In two recent novels set on elite campuses, social class is a figment of the 'neoliberal imagination.'
THE SCARIEST THING about the first day of school in two recent novels-Curtis Sittenfeld's ''Prep" and Tom Wolfe's ''I am Charlotte Simmons"-is finding out what the other girls are wearing (the answer at both schools is flip flops and shorts). But the hardest thing is surviving the moment when your family meets your new roommate's family. Wolfe's Charlotte is relieved when she sees the flip flops and the shorts, since she's wearing shorts, too; Sittenfeld's Lee is horrified, since she's wearing ''a long dress with peach and lavender flowers and a lace collar."
But Charlotte's advantage disappears when it comes to the families since, although Lee is ''embarrassed" by her father, Charlotte is ''mortified" by hers. What embarrasses Lee is that her father responds, ''No sir, I'm in the mattress business" to her roommate's father who, having heard they're from South Bend, says, ''I take it you teach at Notre Dame."
''I was embarrassed that my father called Dede's father sir," Lee says, ''embarrassed by his job, and embarrassed by our rusted white Datsun."
Charlotte's mortification trumps Lee's embarrassment on every count, from the car-since her Daddy drives a rusted out pickup truck with a fiberglass camper top-to the job: He doesn't actually have one. ''Used to be I operated a last-cutting machine over't the Thom McAn factory in Sparta," he says, ''but Thom McAn, they relocated to Mexico. ''Now," he tells them, ''I take care' -keer -'of a house some summer people got over't Roaring Gap."
Charlotte is at her college (something like Duke) on a scholarship, and Lee is also on scholarship at her prep school-modeled on Groton, where Sittenfeld herself went (and where Charlotte's roommate is supposed to have gone). And the meaning of all the embarrassment is more social than personal. Anybody can be embarrassed by her parents, but these girls are embarrassed by their parents' class-by the fact that (at Groton and Duke if not in the world), everybody else is rich, or at least, richer.
''American writers," Lionel Trilling wrote in ''The Liberal Imagination" (1950), ''have a kind of resistance to looking closely at society," and by society he meant ''class" and, in particular, ''the meeting and conflict of diverse social classes." Writing at a moment when liberalism seemed to him so dominant that there were ''no conservative or reactionary ideas in circulation," Trilling identified liberalism's triumph with the refusal of American writers to acknowledge that class could still make a difference in any individual life.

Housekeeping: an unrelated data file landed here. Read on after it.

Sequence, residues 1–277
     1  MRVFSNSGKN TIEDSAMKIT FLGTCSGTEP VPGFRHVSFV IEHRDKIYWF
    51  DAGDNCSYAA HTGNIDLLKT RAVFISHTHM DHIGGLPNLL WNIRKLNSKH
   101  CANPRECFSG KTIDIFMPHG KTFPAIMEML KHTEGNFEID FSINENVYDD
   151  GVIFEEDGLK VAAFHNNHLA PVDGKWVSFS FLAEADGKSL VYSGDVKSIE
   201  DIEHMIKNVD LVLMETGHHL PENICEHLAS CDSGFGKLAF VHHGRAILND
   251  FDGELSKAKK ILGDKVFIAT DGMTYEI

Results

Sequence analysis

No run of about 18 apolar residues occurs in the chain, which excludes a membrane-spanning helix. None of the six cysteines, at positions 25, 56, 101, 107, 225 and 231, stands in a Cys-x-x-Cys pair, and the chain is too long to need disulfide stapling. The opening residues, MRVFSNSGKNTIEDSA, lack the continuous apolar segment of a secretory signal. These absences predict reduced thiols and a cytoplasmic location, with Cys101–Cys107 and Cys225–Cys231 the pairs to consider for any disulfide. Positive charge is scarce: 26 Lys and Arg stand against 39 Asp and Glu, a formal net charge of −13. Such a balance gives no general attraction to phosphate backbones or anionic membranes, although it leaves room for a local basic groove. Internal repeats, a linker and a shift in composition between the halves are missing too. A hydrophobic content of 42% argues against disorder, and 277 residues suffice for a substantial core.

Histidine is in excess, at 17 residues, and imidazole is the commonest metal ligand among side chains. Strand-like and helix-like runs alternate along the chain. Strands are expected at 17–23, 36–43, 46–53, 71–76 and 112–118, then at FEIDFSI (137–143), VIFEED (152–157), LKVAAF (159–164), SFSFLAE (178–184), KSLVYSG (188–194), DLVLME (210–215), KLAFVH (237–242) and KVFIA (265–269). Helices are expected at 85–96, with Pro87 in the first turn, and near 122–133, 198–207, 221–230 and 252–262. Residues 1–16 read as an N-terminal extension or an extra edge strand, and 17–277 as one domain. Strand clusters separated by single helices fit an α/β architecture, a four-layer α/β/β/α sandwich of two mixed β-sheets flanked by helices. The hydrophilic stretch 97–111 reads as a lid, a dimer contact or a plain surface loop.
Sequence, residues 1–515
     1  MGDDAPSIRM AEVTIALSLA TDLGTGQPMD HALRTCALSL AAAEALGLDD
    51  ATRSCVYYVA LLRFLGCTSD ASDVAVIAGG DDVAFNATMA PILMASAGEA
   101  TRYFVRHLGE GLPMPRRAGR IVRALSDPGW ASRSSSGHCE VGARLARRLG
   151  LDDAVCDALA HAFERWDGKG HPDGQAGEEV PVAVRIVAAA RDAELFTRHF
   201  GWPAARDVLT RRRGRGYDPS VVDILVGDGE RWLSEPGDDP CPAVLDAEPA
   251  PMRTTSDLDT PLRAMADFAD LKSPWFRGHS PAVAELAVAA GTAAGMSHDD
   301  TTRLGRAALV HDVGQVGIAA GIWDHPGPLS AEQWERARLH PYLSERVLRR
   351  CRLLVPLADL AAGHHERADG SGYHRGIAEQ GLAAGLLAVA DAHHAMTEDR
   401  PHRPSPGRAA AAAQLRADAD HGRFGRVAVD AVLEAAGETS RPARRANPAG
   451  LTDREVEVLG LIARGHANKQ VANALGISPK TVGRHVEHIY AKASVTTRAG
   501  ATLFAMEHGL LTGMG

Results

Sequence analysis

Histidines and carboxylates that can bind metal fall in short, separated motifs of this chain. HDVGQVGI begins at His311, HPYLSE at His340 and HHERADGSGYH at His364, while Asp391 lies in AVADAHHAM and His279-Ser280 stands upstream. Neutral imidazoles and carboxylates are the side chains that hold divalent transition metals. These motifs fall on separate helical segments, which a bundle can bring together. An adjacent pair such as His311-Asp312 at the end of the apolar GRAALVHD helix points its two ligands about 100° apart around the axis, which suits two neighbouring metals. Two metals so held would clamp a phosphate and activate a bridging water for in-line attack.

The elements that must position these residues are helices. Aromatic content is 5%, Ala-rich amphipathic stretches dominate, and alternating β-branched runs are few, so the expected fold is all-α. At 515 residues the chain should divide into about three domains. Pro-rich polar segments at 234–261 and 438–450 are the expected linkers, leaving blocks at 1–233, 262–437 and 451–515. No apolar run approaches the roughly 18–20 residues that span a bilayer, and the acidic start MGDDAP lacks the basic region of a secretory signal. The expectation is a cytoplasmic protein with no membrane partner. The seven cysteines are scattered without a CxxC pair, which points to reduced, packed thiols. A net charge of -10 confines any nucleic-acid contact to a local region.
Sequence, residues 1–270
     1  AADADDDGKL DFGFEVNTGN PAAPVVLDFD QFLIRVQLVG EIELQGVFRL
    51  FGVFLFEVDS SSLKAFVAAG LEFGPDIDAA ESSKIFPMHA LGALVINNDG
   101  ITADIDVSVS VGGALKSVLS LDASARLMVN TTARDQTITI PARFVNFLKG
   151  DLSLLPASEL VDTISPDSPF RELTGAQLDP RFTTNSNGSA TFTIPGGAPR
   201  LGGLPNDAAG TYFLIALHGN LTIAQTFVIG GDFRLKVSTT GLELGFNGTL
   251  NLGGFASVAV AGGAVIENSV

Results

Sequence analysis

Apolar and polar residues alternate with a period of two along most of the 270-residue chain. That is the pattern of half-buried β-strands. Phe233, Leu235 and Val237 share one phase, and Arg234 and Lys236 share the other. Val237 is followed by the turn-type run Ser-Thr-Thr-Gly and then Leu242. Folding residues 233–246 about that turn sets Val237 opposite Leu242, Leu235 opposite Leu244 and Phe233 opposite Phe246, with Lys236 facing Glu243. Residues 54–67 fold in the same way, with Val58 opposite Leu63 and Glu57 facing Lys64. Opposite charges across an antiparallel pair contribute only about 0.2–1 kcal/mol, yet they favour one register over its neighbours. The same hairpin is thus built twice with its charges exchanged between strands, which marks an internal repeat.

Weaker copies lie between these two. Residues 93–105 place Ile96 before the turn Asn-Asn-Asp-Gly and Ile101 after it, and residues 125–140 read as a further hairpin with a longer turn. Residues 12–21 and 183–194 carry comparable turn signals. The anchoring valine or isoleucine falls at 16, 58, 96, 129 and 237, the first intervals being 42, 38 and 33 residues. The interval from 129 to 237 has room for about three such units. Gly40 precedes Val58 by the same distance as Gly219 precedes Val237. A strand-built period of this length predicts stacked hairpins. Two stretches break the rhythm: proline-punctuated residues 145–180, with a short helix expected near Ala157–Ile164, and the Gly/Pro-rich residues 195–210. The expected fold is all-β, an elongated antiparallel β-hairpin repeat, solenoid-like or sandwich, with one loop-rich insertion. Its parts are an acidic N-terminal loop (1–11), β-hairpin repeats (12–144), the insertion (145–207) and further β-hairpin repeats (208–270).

Of course, it was ''American writers of genius" (Faulkner, Dos Passos, etc.) that Trilling was interested in and, while the verdict is still out on the 30-something Curtis Sittenfeld, it's pretty clear that the 70-something Tom Wolfe hasn't made it. But they do get credit for attempting to imagine an America in which the fact that some people have more money than others matters.
It isn't, however, her actual poverty that makes college life hard for Charlotte; what drives Charlotte and Wolfe crazy is the ''condescension," the way all the students who went to Groton and whose parents never got laid off by Thom McAn and who know exactly what to wear and what attitudes to have-"the liberal elite," as Wolfe would have it-make Charlotte feel as if they are better than she is. And this isn't just Tom Wolfe's issue. The equivalent in ''Prep" is being identified as ''LMC," Lower Middle Class.
So the problem in both these novels is class privilege. And the solution: Poor people shouldn't be made to feel inferior, either in novels or in life. In a recent real world application, The Harvard Crimson is unhappy about a new service, called Dormaid, that offers to clean students' rooms for $85 (neither Charlotte nor Lee could afford the service). The ''obvious display of wealth," the Crimson objected last March, ''will establish a perceived, if unspoken, barrier between students of different economic means" and thus compromise the ''egalitarian nature of dorm life."